Most crashes between cars and bikes occur at intersections. These crashes may occur when a car turns across a bicyclist's path, or a bicyclist fails to obey a stop sign or signal. The tips below will help keep you out of trouble at intersections.


As a bicyclist, ride on the right side of the road. Riding against traffic is especially dangerous at intersections. By law, bicyclists are required to ride in the same direction as automobile traffic. Utah Statute 41-6a-1105.

Depending on your destination, use the appropriate travel lane at the intersection - the right-turn lane if you are turning right, the right-most through lane if you are going straight, or the left-turn lane if you are turning left. If you are not comfortable with the traffic at the intersection, you may use the sidewalk / crosswalks at walking speed.


Bicyclists turning right rarely conflict with other traffic. Stop and yield before turning right on red.


Drivers at intersections may not see you. Make eye contact with turning drivers. Sometimes it's even a good idea to wave (all five fingers, please). Assume they don't see you until you're sure they do.

As you approach the intersection, look for traffic at these three conflict points:

  1. Look back over your shoulder for traffic behind you. If there is no traffic behind you, you may wish to move slightly left (into the travel lane) for visibility going through the intersection. When stopped at a red light, stay to the left of cars turning right.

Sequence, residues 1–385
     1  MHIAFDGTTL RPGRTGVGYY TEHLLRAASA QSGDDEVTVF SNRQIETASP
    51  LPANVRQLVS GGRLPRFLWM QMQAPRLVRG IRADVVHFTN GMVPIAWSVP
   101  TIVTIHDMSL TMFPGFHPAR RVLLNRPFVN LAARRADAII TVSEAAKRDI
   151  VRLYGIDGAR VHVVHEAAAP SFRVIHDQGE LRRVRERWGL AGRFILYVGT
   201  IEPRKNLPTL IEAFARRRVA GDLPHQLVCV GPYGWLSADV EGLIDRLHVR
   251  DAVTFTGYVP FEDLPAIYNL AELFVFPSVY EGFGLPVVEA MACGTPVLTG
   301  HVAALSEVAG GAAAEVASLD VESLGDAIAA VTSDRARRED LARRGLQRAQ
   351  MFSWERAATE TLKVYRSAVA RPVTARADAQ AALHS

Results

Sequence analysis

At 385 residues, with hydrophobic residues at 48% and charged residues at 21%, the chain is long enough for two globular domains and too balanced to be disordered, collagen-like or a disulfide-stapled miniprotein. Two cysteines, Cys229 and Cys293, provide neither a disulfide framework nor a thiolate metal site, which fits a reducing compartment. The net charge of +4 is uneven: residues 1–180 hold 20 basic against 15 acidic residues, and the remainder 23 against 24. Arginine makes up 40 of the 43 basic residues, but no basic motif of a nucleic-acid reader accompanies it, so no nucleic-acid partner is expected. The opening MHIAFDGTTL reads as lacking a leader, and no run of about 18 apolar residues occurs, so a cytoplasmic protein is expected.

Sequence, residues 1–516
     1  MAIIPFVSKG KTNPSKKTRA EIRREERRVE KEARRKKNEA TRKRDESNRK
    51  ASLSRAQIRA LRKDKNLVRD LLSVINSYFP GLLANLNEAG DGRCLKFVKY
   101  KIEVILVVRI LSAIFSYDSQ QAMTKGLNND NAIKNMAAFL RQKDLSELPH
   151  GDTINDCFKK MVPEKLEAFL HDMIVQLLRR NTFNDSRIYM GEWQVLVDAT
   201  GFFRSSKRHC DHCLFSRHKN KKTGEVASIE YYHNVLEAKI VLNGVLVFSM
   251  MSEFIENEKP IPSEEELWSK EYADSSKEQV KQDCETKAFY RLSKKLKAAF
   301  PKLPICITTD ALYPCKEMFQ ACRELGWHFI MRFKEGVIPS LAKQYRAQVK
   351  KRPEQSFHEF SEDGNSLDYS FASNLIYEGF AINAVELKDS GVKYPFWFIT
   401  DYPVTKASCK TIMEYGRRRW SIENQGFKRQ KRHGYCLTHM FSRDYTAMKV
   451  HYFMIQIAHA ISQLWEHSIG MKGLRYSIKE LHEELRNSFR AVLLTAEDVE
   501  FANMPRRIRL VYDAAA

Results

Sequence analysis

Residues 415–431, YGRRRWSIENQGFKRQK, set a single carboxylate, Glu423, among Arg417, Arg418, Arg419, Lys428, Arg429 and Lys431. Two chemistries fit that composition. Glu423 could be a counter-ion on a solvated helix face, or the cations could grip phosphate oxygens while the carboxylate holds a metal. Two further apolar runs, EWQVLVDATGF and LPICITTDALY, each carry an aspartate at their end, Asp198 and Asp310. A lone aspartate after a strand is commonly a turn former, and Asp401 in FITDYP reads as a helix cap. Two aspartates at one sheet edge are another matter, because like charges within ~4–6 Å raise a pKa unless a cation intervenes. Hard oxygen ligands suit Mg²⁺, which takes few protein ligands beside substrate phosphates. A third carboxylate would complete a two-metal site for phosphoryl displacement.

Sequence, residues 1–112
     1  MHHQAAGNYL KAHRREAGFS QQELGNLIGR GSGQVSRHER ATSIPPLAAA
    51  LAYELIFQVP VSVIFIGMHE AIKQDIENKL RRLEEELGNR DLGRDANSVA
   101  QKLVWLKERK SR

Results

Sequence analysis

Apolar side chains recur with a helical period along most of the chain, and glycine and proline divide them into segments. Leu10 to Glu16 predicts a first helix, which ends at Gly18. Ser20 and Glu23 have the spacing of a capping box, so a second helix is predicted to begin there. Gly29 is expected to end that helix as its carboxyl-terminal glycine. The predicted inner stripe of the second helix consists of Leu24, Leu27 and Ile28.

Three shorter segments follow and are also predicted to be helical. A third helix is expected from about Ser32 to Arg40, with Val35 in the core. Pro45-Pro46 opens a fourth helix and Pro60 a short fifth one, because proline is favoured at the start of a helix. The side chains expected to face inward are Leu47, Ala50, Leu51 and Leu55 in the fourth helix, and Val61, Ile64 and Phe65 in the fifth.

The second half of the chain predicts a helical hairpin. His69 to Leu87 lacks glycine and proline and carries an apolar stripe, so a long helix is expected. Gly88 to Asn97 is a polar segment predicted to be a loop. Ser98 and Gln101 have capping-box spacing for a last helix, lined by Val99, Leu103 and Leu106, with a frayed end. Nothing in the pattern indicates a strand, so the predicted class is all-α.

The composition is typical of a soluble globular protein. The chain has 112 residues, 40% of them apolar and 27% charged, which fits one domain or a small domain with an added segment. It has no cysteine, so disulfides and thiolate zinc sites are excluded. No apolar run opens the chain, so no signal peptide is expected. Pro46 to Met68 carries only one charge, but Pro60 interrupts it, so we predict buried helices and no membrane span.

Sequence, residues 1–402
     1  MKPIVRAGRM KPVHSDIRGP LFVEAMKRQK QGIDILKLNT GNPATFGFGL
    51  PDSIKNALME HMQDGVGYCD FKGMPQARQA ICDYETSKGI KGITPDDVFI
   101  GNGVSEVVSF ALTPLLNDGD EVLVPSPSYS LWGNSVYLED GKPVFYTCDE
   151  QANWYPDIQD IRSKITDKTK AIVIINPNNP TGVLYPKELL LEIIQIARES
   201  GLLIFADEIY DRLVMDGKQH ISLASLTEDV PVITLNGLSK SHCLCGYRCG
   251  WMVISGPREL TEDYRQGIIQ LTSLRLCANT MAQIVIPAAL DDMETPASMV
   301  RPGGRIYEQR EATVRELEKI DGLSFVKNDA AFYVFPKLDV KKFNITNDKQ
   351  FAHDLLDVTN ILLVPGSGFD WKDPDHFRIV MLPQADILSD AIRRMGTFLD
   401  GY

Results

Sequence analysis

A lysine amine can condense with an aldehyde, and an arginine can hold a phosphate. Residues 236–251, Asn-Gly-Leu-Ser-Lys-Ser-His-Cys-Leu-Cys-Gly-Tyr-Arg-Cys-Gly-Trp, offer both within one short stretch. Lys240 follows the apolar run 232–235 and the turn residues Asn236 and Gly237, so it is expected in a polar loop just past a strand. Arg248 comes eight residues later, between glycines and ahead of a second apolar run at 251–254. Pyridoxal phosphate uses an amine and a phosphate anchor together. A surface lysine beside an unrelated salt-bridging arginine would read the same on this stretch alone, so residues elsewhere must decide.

2. Look for left-turning traffic ahead of you. Motorists turning left may not see you, especially at night. If there is no traffic behind you, move further left in the travel lane to be in a visible location. At night, a front light is both smart and required by law.
  3. Look for right-turning traffic from the street on your right. As with left-turning traffic, using a headlight at night and riding further left will increase your visibility.


There are two ways to turn left

  1. Vehicle-style left turn - Look back. If the way is clear, signal and move to the left lane. Turn left from the left side of the street or the dedicated left-turn lane, if available.
  2. Pedestrian-style left turn - You may also turn left in two steps. Ride to the far side of the intersection, then wait and cross with pedestrians after the signal changes.


Bicyclists should use hand signals as shown. Practice dropping one hand from the handlebars while steering straight. The law provides that you do not have to signal if you need to use your hands to steer or brake. Utah Statute 41-6a-1109.